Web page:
If we get this right then a number of interrelated things may happen – first the quality of education across our schools will improve further and then politicians and wider society will have confidence in what we, as a profession, are doing. This should lead to the politicians no longer, or at least less often, trying to deliver simplistic silver bullet solutions to address complex deep rooted issues. In allowing the people who really understand and know about education – those of us involved in it on a daily basis – to lead on Redesigning Schools & Classrooms there needs to be a rigorous holding to account from within – within departments, faculties, schools, federations, clusters and localities. We can’t duck this issue, its part of being professional in our approach. My experiences tell me that where middle leaders – first line accountability – challenge and correct issues early on the outcome is more likely to be: reached quickly, positive for everyone and certainly more humane then if issues are missed or ignored only for them to be picked up in an inspection. The more we hold ourselves to account the more irrelevant Ofsted become; now there’s a positive outcome. In essence I think I am describing what the high achieving countries and states around the World do.
Moving Forward: Redesigning Classrooms at St. Mary’s
“It’s not simply about what, any more, it’s about why.”
The planned and delivered curriculum “breathes” our beliefs and values even if we don’t realise it. What and how you teach says a lot about your educational values and what you value in education. Are you a transmitter of knowledge, a constructor of understanding or a developer of the learner – or maybe all three?
It is important that we make expose the underlying beliefs, principles and structures on which our curriculum and pedagogy are built. It is critical that leaders within schools can articulate and explain these underlying beliefs and put in place the structures if any policy is ever going to influence the daily lived experiences of our students.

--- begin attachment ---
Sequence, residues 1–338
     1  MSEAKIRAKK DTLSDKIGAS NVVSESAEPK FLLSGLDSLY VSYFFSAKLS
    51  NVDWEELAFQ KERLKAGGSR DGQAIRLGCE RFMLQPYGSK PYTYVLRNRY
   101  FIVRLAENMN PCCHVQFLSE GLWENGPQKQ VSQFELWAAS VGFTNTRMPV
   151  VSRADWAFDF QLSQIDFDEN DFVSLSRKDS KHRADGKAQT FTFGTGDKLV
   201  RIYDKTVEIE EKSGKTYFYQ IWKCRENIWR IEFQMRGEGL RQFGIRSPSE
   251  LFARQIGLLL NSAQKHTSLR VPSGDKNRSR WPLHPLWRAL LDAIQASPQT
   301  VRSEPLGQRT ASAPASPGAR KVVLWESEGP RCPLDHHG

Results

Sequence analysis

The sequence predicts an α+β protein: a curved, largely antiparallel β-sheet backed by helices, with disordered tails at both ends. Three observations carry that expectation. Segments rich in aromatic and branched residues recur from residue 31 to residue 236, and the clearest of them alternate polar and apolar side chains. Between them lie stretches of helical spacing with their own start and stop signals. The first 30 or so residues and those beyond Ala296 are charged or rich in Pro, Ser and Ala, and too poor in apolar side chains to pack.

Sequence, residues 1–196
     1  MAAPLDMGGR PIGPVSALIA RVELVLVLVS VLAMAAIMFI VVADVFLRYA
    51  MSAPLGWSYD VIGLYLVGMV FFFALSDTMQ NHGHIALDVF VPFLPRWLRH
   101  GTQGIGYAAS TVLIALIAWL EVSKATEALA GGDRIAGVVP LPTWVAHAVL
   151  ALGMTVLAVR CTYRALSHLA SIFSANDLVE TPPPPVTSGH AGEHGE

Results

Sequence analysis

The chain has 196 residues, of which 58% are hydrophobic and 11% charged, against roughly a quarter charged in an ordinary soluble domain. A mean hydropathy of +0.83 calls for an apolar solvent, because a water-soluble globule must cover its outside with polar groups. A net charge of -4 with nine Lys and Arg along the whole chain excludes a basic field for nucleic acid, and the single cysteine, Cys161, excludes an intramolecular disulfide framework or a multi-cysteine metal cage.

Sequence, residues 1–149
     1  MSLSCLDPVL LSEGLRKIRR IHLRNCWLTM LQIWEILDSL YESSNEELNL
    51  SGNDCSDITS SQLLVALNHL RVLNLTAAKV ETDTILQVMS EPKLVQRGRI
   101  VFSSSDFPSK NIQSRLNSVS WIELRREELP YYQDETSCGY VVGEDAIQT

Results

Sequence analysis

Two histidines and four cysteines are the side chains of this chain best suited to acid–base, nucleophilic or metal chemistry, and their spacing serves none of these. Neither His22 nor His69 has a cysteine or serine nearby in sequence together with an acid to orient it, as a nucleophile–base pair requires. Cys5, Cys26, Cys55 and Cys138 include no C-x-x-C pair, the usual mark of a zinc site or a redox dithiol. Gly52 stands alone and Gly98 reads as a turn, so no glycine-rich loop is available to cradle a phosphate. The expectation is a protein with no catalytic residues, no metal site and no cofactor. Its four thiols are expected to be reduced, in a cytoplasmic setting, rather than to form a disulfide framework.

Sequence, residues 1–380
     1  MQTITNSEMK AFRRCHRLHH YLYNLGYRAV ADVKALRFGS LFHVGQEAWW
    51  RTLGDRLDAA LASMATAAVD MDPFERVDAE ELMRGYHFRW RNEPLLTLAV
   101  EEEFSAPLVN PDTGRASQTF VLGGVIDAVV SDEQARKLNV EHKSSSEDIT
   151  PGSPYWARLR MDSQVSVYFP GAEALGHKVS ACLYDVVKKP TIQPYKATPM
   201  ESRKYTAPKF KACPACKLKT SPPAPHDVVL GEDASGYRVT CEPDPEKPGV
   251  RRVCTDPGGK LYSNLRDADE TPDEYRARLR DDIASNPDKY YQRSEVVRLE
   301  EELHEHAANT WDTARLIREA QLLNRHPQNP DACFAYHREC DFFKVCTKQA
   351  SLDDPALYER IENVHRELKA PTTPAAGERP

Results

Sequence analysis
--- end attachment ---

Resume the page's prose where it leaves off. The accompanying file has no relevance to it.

The first thing in Redesigning Classrooms will be to redesign how we collectively see a teacher’s role, not just as a profession but as a society. Teachers are a national asset and key professionals because they possess a unique understanding about curriculum, pedagogy and learning and the practical skills required to apply them in the classroom. For this teachers must have:
The above suggests that universities, schools and coaches/mentors should all have a role to play in the development of current teachers and the next generation. On the job training is vital to provide opportunities: to meet with and learn from other practitioners, to put theory into practice and develop the experiences needed to reflect on that practice but the theoretical framework about learning needs to be there at the core of our thinking.
Know It, Integrate It, Own It
I used the graphic below in some CPD with staff during the Autumn Term last year to explain the SOLO Taxonomy. It hopefully will work quite well in expanding on the above.
In terms of your own knowledge and understanding of the curriculum, pedagogy & learning, would you liken it to a disorganised pile of clothes? A neat stack with certain items grouped together? Or a well organised set of clothes rails with key concepts linked together each one holding the necessary and important knowledge.
After far too many words I’ve got to the core of the blog. If we are going to be a highly valued national, professional asset that has control over the curriculum, pedagogy and learning we need to have these interrelated areas and necessary knowledge organised in our minds as we walk into our classrooms. Expert teachers do and those of us that aspire to be must combine the three elements above to develop our practice.
Redesigning schools just keeps going deeper; we are now entering the inner sanctum of the classroom. This can not be just the classrooms of a few innovative, risk taking and willing colleagues but of the overwhelming majority of the profession if Redesigning Schools is really going to influence the education system.
A number of years ago I was asked to write a piece on my first hundred days of headship. It was a great opportunity to reflect on my well meaning incompetence, in the early days of headship, as I attempted to learn my “trade”. Learning as a headteacher can be a pretty exposed place. I’ve resurrected the piece and summarised it below. Continue reading